An important assumption of close reading, whether or not the text at hand is Scripture, is that every detail matters. Every detail can and should be subjected to scrutiny. Now, not every detail is equally important, but this process of observing and critically analyzing the details of a text is how we determine which details are important and the level of their importance.
One way we can subject details to scrutiny is by asking, “How else could it be said?” This kind of question is particularly important when doing a semantic field analysis, which is the study of families of words with related meanings and their uses in order to understand subtle distinctions among these words. You do this (or ought to do this) when doing a “word study” (a popular and venerable form of Bible study).
But this question, “How else could it be said?”, is not just useful in the study of words as words. It also helps us get at the meaning of a word within its specific context and so of a text as a whole. That is a complicated thought, so I will try to break that down and illustrate it.
Let us consider two examples from our recent post, “A Kingdom of Priests to the Nations.” This post examines details from two biblical texts: Exodus 19:6 and Isaiah 61:6 (the similarity of verse number is coincidental). Exodus 19:6 says, “But you – you will be to me a kingdom of priests, a holy nation.” A launching point for this post was the question, “Why a ‘kingdom of priests’ rather than a ‘kingdom of kings’, or something else?” In other words, how else could this have been said and how would the meaning of the text have been altered had it been said differently? What other ideas or phrases might we expect in this context, and how does the text surprise us or disrupt our expectations?
“What other ideas or phrases might we expect in this context?”
Though we are dealing with the humanities and not the natural sciences, this is actually a very scientific thing to do. Any well designed scientific experiment will try to create two or more variants of a situation and study the differences between these variants. So that we can know what is responsible for the differences, we make sure that the variants differ in a minimal number of details, if possible only one. Those differing details are called variables. If you have an experiment with multiple variables, the data you glean from that experiment will likely not be of much use, since it cannot be determined with any certainty what is the cause of the resulting differences between the control situation and the variable situation.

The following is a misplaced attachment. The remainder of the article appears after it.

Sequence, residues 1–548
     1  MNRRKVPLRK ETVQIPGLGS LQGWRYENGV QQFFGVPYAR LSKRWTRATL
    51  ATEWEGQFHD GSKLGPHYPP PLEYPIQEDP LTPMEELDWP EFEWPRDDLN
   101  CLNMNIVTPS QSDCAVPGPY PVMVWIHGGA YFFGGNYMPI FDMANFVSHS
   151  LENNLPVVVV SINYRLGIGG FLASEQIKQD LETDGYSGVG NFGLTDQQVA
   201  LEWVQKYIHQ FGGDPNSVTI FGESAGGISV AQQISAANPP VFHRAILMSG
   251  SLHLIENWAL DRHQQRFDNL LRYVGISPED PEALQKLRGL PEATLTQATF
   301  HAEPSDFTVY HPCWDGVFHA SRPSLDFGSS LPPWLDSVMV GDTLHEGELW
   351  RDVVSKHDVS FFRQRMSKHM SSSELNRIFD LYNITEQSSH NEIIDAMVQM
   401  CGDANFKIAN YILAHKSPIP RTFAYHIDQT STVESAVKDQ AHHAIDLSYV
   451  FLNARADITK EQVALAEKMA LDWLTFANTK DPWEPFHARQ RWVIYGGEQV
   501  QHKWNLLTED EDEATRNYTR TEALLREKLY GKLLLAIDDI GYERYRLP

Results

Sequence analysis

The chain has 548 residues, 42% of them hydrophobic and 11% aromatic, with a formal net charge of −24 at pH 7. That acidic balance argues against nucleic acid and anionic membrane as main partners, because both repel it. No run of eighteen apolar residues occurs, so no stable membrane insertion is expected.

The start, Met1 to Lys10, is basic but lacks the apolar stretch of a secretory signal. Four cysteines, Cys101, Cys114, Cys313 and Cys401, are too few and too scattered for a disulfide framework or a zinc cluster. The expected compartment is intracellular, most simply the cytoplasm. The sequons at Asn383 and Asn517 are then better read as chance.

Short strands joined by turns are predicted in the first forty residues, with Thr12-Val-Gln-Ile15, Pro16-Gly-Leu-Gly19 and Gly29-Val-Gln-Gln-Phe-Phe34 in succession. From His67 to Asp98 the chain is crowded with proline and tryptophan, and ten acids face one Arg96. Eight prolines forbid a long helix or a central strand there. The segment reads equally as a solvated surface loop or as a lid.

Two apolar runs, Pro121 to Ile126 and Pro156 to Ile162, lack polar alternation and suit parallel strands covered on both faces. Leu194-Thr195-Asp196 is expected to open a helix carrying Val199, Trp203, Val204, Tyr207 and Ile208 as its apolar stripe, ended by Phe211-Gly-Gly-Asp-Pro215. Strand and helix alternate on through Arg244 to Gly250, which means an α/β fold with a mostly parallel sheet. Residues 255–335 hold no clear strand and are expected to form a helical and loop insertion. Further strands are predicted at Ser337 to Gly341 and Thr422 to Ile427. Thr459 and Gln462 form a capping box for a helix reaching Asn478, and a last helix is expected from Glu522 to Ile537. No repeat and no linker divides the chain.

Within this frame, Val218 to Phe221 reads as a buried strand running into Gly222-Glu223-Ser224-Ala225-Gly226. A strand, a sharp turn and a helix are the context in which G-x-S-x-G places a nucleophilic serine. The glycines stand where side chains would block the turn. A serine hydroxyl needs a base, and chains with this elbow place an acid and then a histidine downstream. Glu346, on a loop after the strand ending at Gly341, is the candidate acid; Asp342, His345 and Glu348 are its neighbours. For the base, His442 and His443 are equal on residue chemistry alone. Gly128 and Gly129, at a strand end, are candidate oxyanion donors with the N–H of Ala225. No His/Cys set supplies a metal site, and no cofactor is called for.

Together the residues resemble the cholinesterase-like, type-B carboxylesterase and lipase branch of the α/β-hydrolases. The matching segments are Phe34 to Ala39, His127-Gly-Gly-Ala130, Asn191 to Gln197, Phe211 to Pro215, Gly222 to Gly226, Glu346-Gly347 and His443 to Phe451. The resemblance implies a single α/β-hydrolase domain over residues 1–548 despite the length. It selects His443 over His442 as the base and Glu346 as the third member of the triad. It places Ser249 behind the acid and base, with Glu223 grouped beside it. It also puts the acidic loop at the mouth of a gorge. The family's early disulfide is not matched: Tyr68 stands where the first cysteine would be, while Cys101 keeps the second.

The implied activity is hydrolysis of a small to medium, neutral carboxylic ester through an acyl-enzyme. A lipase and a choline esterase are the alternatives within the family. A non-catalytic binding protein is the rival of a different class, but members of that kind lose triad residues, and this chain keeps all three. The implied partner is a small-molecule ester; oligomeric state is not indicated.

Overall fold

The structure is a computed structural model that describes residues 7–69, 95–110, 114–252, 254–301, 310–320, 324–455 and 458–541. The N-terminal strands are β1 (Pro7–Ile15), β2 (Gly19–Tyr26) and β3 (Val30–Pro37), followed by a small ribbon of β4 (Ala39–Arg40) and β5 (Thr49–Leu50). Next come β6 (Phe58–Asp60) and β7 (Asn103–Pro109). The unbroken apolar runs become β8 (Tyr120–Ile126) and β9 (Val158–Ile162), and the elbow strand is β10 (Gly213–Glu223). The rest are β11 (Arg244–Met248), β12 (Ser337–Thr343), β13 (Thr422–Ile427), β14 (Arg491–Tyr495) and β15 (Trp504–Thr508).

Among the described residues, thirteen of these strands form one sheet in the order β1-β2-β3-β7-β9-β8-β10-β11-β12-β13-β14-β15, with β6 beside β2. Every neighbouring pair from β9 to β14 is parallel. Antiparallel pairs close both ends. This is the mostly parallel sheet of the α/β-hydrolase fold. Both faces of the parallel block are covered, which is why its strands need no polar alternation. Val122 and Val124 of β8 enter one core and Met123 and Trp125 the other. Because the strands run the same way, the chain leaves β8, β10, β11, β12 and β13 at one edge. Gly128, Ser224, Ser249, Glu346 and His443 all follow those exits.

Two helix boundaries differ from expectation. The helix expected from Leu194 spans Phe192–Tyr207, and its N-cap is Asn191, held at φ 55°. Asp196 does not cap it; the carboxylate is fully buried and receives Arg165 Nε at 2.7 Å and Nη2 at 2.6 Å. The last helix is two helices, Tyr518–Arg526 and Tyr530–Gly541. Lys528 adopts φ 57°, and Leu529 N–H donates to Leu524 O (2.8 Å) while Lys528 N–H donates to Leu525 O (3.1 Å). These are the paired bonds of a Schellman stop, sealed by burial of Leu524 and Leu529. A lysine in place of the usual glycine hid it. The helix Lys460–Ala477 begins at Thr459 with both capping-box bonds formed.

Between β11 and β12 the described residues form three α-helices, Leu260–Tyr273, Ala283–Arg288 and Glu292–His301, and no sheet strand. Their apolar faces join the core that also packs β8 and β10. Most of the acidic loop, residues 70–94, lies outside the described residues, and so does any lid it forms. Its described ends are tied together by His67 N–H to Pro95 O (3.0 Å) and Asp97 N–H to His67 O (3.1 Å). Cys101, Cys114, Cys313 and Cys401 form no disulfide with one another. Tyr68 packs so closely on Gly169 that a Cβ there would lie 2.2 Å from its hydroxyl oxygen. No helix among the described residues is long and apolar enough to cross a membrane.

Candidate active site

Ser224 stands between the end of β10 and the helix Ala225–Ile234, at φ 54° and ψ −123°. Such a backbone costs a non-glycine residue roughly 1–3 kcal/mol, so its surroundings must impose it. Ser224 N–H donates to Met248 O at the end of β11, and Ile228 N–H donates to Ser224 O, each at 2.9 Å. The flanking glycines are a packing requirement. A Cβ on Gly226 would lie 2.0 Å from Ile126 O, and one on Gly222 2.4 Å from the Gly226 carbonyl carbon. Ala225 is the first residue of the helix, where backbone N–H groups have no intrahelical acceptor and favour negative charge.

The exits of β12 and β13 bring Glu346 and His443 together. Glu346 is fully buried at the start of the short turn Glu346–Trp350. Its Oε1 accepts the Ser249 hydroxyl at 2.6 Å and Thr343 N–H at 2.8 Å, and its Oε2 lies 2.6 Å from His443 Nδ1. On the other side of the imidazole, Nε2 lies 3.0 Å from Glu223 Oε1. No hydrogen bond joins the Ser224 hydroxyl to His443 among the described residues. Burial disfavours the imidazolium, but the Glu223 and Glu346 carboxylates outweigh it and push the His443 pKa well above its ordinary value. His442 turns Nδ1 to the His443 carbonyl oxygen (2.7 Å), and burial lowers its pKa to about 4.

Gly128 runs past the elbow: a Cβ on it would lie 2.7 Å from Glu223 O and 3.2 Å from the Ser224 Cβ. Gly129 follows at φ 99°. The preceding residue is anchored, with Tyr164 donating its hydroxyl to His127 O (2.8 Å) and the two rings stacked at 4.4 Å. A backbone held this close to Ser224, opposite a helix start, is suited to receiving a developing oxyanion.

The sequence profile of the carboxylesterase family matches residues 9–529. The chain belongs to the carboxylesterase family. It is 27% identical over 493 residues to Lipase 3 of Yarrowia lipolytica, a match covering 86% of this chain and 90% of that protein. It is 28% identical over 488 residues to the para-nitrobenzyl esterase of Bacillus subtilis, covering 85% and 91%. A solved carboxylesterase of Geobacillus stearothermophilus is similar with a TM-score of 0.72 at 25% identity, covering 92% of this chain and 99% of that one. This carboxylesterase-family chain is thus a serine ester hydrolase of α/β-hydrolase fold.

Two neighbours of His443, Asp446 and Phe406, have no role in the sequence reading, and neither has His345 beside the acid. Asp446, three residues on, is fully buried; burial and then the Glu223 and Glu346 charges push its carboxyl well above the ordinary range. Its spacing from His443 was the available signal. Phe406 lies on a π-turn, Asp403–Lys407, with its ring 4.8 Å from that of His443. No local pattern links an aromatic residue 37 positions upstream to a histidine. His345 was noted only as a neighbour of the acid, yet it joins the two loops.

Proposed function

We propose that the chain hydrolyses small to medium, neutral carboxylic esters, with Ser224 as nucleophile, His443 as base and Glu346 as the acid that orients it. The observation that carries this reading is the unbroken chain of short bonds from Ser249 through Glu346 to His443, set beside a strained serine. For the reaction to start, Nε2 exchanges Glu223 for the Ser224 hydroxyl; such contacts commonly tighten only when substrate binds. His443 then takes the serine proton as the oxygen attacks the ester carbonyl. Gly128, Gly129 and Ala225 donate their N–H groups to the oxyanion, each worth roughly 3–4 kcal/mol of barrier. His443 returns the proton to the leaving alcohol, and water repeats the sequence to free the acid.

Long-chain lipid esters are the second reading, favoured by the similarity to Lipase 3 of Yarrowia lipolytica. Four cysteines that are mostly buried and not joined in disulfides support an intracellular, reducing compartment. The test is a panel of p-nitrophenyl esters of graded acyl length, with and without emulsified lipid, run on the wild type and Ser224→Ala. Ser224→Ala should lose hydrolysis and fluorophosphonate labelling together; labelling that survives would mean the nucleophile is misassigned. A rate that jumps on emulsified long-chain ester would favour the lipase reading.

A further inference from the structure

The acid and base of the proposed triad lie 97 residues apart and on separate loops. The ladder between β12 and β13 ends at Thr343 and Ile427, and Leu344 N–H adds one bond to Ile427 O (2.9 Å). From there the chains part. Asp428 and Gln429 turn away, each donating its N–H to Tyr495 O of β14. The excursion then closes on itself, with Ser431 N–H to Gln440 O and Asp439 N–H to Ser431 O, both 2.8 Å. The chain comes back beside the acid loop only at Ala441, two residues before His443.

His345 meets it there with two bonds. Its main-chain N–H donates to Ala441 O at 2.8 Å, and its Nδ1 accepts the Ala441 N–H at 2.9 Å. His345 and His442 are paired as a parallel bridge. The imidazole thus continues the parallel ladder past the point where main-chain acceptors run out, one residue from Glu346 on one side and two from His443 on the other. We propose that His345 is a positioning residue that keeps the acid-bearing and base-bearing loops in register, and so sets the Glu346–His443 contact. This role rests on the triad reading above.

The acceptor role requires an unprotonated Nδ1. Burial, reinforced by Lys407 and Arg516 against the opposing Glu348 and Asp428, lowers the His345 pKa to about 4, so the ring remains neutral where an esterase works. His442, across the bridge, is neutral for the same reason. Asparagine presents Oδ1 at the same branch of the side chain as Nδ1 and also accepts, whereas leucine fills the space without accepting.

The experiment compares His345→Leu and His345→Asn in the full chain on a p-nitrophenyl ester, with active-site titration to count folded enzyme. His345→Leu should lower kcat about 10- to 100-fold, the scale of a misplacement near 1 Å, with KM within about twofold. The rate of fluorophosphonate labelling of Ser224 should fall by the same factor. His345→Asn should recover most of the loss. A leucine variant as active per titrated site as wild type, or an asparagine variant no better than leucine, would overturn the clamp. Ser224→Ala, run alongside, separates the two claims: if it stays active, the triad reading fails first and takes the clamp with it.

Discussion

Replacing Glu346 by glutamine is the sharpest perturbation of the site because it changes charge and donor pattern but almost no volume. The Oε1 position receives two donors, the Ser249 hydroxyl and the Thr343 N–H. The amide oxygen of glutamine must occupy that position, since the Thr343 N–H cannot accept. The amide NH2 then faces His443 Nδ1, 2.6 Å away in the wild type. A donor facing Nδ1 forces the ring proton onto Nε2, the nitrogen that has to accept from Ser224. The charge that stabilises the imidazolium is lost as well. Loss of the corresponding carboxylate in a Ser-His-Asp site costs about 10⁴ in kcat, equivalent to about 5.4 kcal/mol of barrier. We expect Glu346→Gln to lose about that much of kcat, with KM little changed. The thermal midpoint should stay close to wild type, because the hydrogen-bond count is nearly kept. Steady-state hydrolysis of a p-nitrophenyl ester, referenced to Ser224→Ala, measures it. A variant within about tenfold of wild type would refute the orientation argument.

In studying texts closely, the detail we are subjecting to scrutiny has become our variable. In Exodus 19, I focused on the phrase “kingdom of priests” because it is prominent in this passage and, therefore, in the book of Exodus. This introduces the part of Exodus where God reveals himself on Mount Sinai, gives the Ten Commandments, and institutes a covenant between Israel and himself. It is, therefore, reasonable to expect that the things God says here are thematic. God appears to be telling us in the broadest terms what his purpose for Israel is. This means that if we are going to understand God’s purpose for Israel, we need to meditate on what “kingdom of priests” means.
So I began asking questions, such as:
- What place do priests usually have in a society?
- What is a priesthood for?
- Most especially, what if we replaced “priests” with something else?
I do not need to repost the whole lesson. I would encourage you to go read it for yourself. For the present, what I want to point out is how I contrasted “kingdom of priests” with “kingdom of kings”. The observation I made was that if God’s purpose for Israel was to make them a dominant military and political force in the world, and in this way to spread the fame and glory of the LORD, “kingdom of priests” is not really the most apt image. Something more like “kingdom of kings” is far more relevant. When we also study the differences between the respective roles of priests and kings in a society it leads us to some surprising conclusions about God’s purpose for Israel relative to the other nations of the world.
“We might have expected, rather, ‘your God’ or ‘their God’, but not ‘our God’.”
A second example of this “hypothetical replacement” method can be seen in the section dealing with Isaiah 61:6. This verse says, “But as for you, you will be called ‘priests of the LORD’; ‘ministers of our God’ it will said of you.” The detail I focused on was “our God”, because the people making this proclamation about renewed Israel are strangers and foreigners – the Gentiles. In other words, non-Israelites are claiming the God of Israel as their own, which is a surprising detail. We might have expected, rather, “your God” or “their God”, but not “our God”. But instead of what we would expect, we have a possessive pronoun implying a relationship (even a covenant relationship) between non-Israelites and the God of Israel.
Again, I am not going to spell out my conclusions concerning this detail, because my conclusions are not the point here. You might very well come to different conclusions after subjecting these two details to the same kind of scrutiny I subjected them to, and that would be wonderful. My point in this post is to highlight the key role of the question, “how else could it be said?” By thinking in these terms and suggesting hypothetical replacements for key details of a text, we bring ourselves closer to understanding the text because we have to attempt to replicate the kind of thinking that constructed the text in the way that we have it.